Luke 23:1-7 (NIV)
1 Then the whole assembly rose and led him off to Pilate.
2 And they began to accuse him, saying, “We have found this man subverting our nation. He opposes payment of taxes to Caesar and claims to be Christ, a king.”
3 So Pilate asked Jesus, “Are you the king of the Jews?” “Yes, it is as you say,” Jesus replied.
4 Then Pilate announced to the chief priests and the crowd, “I find no basis for a charge against this man.”
5 But they insisted, “He stirs up the people all over Judea by his teaching. He started in Galilee and has come all the way here.”
6 On hearing this, Pilate asked if the man was a Galilean.
7 When he learned that Jesus was under Herod’s jurisdiction, he sent him to Herod, who was also in Jerusalem at that time.
On verses 1-7: Being under Roman rule, the chief priests and teachers of the law did not have the authority to order capital punishment. So they go to someone with that authority, namely, Pontius Pilate, the Roman governor of Judea. The chief priests and teachers of the law try to convince Pilate that Jesus is deserving of death. Despite the assembly falsely accusing Jesus of subverting the Jewish nation and opposing payment of taxes (v2), and despite Jesus acknowledging that he is the king of the Jews (v3), Pilate finds no basis for a charge against Jesus (v4). Learning that Jesus is a Galilean, Pilate sends Jesus to King Herod, “the tetrarch of Galilee” (Luke 3:1), a subordinate ruler under Pilate ruling over the subregion of Galilee. Pilate was probably relieved that there was someone else to deal with this matter, at least for the time being.
Luke 23:8-11 (NIV)
8 When Herod saw Jesus, he was greatly pleased, because for a long time he had been wanting to see him. From what he had heard about him, he hoped to see him perform some miracle.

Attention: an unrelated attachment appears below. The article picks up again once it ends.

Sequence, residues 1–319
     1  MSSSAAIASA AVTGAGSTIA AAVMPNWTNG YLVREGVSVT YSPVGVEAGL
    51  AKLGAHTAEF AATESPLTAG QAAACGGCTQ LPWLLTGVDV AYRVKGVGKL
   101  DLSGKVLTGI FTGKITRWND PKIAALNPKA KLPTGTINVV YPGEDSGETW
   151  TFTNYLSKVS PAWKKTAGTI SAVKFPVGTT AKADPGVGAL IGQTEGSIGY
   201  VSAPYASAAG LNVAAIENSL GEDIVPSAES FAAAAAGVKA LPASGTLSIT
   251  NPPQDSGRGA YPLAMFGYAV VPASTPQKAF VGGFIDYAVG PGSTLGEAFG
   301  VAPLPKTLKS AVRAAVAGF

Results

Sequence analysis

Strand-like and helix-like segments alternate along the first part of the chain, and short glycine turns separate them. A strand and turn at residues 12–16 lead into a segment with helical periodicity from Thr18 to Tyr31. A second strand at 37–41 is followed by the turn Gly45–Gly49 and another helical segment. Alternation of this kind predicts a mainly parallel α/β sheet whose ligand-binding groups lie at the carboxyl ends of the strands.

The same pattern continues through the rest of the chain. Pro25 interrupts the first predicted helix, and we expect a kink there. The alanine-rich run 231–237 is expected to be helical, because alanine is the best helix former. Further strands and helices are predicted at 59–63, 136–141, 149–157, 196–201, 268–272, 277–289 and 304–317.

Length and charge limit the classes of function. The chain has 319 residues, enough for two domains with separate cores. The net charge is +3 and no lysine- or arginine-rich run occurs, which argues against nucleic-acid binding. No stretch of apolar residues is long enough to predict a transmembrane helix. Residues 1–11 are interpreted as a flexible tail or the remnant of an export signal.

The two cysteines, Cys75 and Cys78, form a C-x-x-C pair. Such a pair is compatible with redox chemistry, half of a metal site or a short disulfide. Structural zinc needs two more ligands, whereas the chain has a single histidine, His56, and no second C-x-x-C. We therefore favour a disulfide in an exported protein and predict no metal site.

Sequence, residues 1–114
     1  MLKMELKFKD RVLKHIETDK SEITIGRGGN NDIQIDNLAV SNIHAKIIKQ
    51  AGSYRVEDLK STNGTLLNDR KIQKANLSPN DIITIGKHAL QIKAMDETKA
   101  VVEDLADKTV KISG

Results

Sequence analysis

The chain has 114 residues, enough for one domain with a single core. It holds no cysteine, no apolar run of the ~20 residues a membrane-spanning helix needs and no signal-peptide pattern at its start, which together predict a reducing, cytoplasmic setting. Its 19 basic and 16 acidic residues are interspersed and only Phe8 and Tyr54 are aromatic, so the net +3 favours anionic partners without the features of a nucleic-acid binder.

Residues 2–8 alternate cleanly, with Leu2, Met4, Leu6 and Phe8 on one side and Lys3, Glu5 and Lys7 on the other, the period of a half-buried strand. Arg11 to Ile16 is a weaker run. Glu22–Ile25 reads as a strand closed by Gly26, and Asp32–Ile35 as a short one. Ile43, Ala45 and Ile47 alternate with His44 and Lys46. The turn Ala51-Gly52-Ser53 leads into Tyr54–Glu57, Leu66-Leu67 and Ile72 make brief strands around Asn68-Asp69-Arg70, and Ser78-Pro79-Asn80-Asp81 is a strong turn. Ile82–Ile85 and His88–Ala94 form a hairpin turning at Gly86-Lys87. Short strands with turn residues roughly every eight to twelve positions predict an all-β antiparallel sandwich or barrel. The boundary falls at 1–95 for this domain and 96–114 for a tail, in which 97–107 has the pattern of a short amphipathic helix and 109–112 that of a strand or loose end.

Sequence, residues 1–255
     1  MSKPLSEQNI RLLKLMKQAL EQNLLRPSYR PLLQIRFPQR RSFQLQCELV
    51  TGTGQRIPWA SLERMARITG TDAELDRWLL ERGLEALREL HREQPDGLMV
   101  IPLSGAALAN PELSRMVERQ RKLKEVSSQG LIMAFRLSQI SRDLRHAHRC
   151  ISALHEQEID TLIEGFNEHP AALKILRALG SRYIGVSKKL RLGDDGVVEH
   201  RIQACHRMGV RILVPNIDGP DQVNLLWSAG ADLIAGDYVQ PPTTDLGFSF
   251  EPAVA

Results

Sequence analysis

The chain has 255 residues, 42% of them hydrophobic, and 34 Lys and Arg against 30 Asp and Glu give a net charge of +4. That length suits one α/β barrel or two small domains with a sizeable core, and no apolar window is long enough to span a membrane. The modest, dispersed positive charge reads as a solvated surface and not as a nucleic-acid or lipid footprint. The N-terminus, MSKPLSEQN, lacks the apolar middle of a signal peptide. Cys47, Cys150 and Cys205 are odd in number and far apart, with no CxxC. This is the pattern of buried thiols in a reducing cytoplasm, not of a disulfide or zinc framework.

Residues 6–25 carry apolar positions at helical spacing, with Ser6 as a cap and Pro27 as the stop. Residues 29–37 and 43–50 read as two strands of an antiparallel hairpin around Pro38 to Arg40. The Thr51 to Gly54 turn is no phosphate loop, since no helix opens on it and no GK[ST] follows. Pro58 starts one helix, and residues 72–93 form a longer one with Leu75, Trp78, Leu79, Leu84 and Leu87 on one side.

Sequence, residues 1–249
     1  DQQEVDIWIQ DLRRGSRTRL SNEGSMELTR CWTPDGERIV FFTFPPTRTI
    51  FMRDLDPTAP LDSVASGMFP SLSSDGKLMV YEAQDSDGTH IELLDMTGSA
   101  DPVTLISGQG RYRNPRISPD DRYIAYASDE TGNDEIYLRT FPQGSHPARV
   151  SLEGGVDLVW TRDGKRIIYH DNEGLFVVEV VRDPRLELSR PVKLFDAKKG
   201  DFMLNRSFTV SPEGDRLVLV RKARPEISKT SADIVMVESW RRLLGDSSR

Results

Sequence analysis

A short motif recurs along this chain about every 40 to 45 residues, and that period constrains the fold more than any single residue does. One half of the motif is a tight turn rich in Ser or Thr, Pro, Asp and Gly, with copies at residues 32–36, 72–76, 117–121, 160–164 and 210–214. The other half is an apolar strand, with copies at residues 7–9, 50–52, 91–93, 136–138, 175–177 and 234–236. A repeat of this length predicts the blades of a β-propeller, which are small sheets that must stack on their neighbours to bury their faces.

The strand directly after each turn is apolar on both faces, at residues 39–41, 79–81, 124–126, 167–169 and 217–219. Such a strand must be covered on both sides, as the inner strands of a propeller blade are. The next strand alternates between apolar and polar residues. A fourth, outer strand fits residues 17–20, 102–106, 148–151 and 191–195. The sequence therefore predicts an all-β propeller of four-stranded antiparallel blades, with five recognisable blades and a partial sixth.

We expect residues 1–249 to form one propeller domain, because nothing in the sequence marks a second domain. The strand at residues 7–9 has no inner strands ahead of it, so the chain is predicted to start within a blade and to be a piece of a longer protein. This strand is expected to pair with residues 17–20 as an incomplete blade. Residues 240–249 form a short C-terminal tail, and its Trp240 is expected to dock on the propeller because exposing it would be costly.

9 He plied him with many questions, but Jesus gave him no answer.
10 The chief priests and the teachers of the law were standing there, vehemently accusing him.
11 Then Herod and his soldiers ridiculed and mocked him. Dressing him in an elegant robe, they sent him back to Pilate.
On verses 8-11: King Herod, also known as Herod Antipas, was ruler over the subregions of Galilee and Perea. This was the same Herod who threw Jesus’ cousin John the Baptist in prison after John rebuked Herod for his adulterous and incestuous relationship with his sister-in-law Herodias. Herod would later have John the Baptist beheaded for extraordinarily trivial reasons. Now Jesus was coming face to face with the man who had wrongfully killed his cousin John the Baptist. Herod had been curious about Jesus not because he was spiritually seeking but more for entertainment reasons, but Jesus would not answer him.
Jesus’ exemplary conduct here reminds me of Proverbs 26:4, “Do not answer a fool according to his folly, or you will be like him yourself.” Sometimes – not all the time, but sometimes – the best thing to do in the face of people who don’t take you seriously but who only want to mock you, criticize you or accuse you is to ignore them as best as you can. Sometimes going after your critics the same way they went after you will only escalate the conflict and ultimately cause more trouble for yourself. So may you have the wisdom to know when to ignore and keep silent versus when to speak up.
Luke 23:12 (NIV)
12 That day Herod and Pilate became friends–before this they had been enemies.
On verse 12: Why were Herod and Pilate enemies? We don’t know for sure. We do know that Pilate had previously ordered the killing of Galileans while they were worshiping in the temple, as referred to Luke 13:1-2. According to historians, Pilate also took funds from the Jews’ temple treasury to pay for an aqueduct, something which the Jews resented Pilate for. The animosity between Herod and Pilate may have had to do with one or both of these incidents. By sending Jesus to Herod, Pilate perhaps was indirectly trying to make amends and pay Herod some honor and respect.
Lord Jesus, I praise You for being so poised, wise, and self-controlled in the midst of all the unfair mockery and accusations You faced back then, and which You still face to this day. I pray that I would be wise and self-controlled like You, knowing when to keep silent and when to speak up. In Jesus’ name, AMEN!